A tough message on welfare is one of the ways that both Labour and the Tories think they can win in 2015. Ed Miliband upset some on the left yesterday with his plans to freeze child benefit and dock jobseekers’ allowance from under-21s not in employment or training, while the Tories constantly trumpet the gains they’ve already seen in people coming off benefits as a sign that their reforms are working.
But the suggestion today, in a leak to the BBC, that the Employment and Support Allowance is getting so expensive that the government could break its shiny new welfare cap, threatens to undermine the Conservative narrative on welfare. Iain Duncan Smith is rolling out universal credit to more claimants today, but the ESA leak will inevitably put his department back on the defensive as it faces allegations that it is out of control.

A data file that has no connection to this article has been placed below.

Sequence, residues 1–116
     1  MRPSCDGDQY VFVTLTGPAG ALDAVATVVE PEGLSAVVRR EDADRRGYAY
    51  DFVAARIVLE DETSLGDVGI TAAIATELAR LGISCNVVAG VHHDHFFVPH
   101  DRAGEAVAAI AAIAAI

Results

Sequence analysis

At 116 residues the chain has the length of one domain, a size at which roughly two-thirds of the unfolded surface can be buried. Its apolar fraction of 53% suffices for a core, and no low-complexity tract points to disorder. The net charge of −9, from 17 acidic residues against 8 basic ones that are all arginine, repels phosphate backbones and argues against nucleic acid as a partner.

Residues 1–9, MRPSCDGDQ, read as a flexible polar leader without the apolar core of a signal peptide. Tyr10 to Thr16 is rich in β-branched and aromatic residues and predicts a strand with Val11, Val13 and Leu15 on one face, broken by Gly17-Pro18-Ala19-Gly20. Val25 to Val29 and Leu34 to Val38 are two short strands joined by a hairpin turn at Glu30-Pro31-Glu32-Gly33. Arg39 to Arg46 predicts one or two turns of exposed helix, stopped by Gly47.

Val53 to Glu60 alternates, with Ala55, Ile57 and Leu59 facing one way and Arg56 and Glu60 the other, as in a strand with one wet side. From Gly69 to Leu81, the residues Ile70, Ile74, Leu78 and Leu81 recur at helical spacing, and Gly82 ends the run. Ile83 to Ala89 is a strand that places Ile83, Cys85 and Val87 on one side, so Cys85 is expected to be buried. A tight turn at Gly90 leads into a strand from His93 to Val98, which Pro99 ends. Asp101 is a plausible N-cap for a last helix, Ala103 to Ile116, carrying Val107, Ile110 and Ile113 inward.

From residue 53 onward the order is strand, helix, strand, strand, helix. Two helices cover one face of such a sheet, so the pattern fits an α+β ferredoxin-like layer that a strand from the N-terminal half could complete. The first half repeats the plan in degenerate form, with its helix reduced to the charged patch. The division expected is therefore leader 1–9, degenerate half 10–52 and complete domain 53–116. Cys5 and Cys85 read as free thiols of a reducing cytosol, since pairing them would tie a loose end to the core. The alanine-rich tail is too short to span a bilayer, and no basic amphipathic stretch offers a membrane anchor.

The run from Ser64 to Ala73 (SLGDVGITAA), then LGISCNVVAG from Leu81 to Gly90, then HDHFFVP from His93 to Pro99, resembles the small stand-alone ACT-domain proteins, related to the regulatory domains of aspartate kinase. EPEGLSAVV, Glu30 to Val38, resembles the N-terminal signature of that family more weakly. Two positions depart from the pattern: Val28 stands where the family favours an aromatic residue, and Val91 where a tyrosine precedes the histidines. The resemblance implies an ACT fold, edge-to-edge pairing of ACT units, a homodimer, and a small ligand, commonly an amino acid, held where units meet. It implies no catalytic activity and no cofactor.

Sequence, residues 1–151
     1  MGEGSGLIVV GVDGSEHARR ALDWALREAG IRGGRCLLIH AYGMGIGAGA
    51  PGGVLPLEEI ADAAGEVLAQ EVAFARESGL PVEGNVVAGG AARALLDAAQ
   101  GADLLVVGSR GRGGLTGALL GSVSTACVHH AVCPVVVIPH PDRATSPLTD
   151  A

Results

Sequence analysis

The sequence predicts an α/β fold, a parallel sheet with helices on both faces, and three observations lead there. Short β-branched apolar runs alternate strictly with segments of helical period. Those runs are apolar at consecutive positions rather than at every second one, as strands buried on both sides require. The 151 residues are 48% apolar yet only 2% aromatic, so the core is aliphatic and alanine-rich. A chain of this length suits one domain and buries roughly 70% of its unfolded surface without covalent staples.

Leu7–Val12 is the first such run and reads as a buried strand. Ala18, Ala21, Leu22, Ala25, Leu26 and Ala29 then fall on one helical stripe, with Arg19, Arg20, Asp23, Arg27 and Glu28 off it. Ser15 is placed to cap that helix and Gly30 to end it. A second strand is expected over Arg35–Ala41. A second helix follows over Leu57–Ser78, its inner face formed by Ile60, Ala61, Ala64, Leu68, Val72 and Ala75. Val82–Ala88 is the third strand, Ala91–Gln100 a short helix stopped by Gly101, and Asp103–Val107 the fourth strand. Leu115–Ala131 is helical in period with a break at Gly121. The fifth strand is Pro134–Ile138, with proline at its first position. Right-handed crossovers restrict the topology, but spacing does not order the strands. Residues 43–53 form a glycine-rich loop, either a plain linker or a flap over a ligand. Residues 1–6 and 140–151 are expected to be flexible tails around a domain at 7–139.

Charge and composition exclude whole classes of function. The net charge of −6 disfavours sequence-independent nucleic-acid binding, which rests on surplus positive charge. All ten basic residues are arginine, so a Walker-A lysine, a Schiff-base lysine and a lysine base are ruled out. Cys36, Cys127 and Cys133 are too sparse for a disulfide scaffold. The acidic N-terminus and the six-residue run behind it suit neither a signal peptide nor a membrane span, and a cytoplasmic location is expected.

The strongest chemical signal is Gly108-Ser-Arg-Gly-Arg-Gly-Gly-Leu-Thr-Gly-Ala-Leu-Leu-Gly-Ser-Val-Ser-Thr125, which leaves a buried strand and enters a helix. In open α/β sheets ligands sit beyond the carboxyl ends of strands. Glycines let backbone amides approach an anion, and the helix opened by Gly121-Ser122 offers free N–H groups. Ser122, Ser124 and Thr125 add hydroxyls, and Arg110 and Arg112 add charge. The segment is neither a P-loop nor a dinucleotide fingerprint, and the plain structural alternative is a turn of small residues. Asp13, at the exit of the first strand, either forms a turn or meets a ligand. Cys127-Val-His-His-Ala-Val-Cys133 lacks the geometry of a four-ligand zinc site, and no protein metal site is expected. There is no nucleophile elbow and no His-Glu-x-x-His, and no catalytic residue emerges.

How Labour plays this will be interesting. ESA is paid to very vulnerable claimants who are often out of work because of long-term illness or a disability, and who have had to endure the very messy work capability assessment set up by Labour and expanded by the coalition. It will not be easy for Labour to come up with suggestions about how to cut this benefit further without enraging its own side. Other benefits, such as housing benefit, are often softer targets for sound and fury about controlling a budget. Labour will want to pounce on the coalition not controlling welfare as well as it should – but how does it do it without suddenly seeming callous?